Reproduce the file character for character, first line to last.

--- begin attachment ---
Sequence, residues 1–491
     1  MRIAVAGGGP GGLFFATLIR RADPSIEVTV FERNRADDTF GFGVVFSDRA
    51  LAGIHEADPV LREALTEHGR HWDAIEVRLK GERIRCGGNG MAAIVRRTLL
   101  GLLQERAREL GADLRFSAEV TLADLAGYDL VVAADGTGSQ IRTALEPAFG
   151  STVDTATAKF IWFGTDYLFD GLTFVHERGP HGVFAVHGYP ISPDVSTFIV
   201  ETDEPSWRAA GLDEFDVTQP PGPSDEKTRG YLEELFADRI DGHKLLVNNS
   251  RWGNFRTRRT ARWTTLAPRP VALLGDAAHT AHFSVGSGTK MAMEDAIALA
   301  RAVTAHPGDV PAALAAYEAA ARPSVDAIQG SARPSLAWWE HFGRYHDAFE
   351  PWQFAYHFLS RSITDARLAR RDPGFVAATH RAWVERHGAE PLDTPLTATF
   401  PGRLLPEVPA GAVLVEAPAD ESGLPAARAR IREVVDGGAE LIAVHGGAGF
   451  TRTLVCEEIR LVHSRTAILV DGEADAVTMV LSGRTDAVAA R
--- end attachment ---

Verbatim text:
Sequence, residues 1–491
     1  MRIAVAGGGP GGLFFATLIR RADPSIEVTV FERNRADDTF GFGVVFSDRA
    51  LAGIHEADPV LREALTEHGR HWDAIEVRLK GERIRCGGNG MAAIVRRTLL
   101  GLLQERAREL GADLRFSAEV TLADLAGYDL VVAADGTGSQ IRTALEPAFG
   151  STVDTATAKF IWFGTDYLFD GLTFVHERGP HGVFAVHGYP ISPDVSTFIV
   201  ETDEPSWRAA GLDEFDVTQP PGPSDEKTRG YLEELFADRI DGHKLLVNNS
   251  RWGNFRTRRT ARWTTLAPRP VALLGDAAHT AHFSVGSGTK MAMEDAIALA
   301  RAVTAHPGDV PAALAAYEAA ARPSVDAIQG SARPSLAWWE HFGRYHDAFE
   351  PWQFAYHFLS RSITDARLAR RDPGFVAATH RAWVERHGAE PLDTPLTATF
   401  PGRLLPEVPA GAVLVEAPAD ESGLPAARAR IREVVDGGAE LIAVHGGAGF
   451  TRTLVCEEIR LVHSRTAILV DGEADAVTMV LSGRTDAVAA R